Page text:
“Nine out of 10 NHS trusts are unsafe”.
Jeremy Corbyn, 22 February 2017
“I have to say to the Right Honourable Gentleman that he should consider correcting the record because 54% of hospital trusts are considered good or outstanding, quite different from the figure that he has shown”.
Theresa May, 22 February 2017
Mr Corbyn was referring to research by the BBC which found that 137 of the 152 hospital trusts in England had more than the recommended number of beds occupied between 1 December 2016 and 22 January 2017. That does work out as nine out of 10 trusts.
Hospitals are meant to try and ensure no more than 85% of their beds are occupied at any one time. "There is strong evidence that bed occupancy rates above 85% can compromise patient safety, increasing the risk of infection”, according to the chief executive of NHS Providers, Chris Hopson.
The BBC explained its analysis to us and it seems reasonable. It calculates occupancy per weekday, per trust. It’s possible to do that using the published figures although we haven’t had time to verify them exactly.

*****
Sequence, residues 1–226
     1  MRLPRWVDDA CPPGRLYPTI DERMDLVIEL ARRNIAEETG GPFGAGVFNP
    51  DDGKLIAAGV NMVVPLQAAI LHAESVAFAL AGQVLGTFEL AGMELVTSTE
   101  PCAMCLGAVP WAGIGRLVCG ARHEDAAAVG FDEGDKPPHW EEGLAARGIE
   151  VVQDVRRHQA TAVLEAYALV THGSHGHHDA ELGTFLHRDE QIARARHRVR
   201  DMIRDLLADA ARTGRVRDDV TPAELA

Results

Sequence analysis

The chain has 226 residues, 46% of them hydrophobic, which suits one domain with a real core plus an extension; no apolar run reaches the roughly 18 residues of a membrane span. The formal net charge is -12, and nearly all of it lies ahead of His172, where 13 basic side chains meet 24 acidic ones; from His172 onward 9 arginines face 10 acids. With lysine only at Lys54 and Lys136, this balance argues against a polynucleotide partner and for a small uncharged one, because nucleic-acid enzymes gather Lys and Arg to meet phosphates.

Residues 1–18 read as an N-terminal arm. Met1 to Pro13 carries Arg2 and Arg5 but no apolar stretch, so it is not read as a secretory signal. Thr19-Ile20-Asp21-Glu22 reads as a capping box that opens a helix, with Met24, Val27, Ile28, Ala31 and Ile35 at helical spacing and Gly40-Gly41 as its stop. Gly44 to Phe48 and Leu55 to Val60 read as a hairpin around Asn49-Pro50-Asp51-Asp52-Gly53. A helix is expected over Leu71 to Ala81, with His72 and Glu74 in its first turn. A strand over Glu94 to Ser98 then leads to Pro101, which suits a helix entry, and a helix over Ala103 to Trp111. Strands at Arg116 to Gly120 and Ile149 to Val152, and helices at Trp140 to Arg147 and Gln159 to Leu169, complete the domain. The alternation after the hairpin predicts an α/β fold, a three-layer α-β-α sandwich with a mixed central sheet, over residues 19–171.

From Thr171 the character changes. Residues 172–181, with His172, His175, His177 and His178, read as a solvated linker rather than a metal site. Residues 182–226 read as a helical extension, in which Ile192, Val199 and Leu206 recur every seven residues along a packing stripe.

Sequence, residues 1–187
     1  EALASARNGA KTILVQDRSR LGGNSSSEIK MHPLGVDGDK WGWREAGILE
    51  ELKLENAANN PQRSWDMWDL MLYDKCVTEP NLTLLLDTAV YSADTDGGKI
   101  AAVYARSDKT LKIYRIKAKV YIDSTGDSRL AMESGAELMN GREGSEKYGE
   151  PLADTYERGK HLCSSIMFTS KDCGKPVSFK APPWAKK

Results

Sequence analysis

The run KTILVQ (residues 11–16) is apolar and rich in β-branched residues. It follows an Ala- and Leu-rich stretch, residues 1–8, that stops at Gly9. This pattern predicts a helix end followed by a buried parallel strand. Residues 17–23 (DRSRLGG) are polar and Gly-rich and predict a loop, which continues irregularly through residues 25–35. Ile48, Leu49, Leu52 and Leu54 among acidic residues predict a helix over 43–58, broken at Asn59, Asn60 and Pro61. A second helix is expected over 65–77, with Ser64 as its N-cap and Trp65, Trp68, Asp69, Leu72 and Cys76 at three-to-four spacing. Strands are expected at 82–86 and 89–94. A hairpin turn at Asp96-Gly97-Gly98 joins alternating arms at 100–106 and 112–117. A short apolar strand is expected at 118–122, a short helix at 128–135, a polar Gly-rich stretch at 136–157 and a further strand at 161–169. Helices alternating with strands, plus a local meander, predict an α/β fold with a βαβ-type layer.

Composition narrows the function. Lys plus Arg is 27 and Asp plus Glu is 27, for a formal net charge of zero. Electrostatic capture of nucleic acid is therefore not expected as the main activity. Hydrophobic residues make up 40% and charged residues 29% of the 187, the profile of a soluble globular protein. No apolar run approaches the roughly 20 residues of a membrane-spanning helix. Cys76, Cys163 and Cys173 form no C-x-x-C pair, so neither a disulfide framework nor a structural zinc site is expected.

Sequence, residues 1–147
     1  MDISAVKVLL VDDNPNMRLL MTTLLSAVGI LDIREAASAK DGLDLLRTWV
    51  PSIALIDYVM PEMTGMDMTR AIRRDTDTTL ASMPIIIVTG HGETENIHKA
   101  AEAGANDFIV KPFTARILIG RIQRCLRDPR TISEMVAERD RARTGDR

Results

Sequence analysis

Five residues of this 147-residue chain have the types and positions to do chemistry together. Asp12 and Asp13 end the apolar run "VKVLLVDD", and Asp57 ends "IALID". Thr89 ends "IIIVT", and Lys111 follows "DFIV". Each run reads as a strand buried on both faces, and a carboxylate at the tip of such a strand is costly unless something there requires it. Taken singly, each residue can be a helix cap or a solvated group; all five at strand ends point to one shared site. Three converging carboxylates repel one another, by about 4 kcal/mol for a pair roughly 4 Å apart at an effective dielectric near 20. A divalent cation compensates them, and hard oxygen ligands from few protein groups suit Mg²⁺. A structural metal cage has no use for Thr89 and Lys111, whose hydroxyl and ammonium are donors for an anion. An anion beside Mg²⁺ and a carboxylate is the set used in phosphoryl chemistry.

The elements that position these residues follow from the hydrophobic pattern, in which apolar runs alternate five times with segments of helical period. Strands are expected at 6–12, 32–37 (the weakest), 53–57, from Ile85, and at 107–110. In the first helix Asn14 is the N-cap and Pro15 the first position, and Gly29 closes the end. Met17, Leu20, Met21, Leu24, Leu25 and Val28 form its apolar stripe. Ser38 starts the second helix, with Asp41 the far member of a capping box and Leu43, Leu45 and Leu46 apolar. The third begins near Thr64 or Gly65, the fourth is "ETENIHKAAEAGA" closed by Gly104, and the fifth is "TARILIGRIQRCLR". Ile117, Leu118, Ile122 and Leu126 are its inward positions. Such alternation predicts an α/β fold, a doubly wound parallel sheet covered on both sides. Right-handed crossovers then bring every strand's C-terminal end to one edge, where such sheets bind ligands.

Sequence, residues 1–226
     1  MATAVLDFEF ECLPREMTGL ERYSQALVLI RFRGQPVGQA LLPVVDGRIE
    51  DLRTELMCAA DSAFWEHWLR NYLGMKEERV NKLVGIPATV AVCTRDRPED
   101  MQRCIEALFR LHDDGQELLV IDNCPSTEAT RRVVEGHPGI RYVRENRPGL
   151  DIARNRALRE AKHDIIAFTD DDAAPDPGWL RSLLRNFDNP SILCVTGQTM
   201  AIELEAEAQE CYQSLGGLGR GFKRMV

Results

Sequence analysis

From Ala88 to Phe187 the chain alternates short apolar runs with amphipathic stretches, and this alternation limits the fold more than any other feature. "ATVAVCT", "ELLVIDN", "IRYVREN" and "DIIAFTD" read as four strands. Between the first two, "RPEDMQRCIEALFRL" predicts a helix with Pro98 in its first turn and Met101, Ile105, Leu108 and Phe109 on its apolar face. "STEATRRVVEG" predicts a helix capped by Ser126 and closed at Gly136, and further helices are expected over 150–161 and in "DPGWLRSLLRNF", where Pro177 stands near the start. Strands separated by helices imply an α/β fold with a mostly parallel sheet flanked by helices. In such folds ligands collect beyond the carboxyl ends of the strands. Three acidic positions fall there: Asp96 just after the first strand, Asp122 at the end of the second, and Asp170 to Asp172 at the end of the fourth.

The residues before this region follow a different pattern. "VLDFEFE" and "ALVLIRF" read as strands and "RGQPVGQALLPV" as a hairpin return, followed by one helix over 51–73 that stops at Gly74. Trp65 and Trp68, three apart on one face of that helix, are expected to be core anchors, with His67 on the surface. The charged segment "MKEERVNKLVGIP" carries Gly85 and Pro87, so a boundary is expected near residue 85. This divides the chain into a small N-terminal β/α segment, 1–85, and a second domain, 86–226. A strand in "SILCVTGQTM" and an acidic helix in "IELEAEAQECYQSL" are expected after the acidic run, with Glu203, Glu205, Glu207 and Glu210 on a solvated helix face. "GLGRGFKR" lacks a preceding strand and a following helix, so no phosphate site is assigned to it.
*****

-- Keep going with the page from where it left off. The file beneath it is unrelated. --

There were only three days between 1 December and 22 January when the percentage of beds occupied across the whole of England fell below 85%, according to analysis by the King’s Fund, a health think tank.
The Department of Health told us that the Prime Minister was referring to the results of inspections carried out by the Care Quality Commission, the watchdog for health and social care.
It rated 56% of core hospital services across NHS acute trusts in England as ‘good’ or ‘outstanding’ as of July 2016. The CQC says this is “the level at which patients most directly experience the quality of care being delivered”. That falls to 32% when you look at the individual ratings for acute trusts and all services provided by them.
We’ve asked the Department of Health if it’s core hospital services the Prime Minister is referring to.
These are two quite different ways of assessing hospital standards.
The CQC told us that while it does look at figures like the bed occupancy ones Mr Corbyn was quoting before it inspects a hospital, they won’t inform the result of its inspection. For example, if a hospital had consistently high bed occupancy rates, this issue would be looked at during an inspection. But it would only be reflected in the final result for the hospital if inspectors thought it was concerning during their visit.
Having said that, the CQC does mention high bed occupancy rates in its overall assessment of the state of health in England, but this was only one of a number of factors it said were “challenging” the system.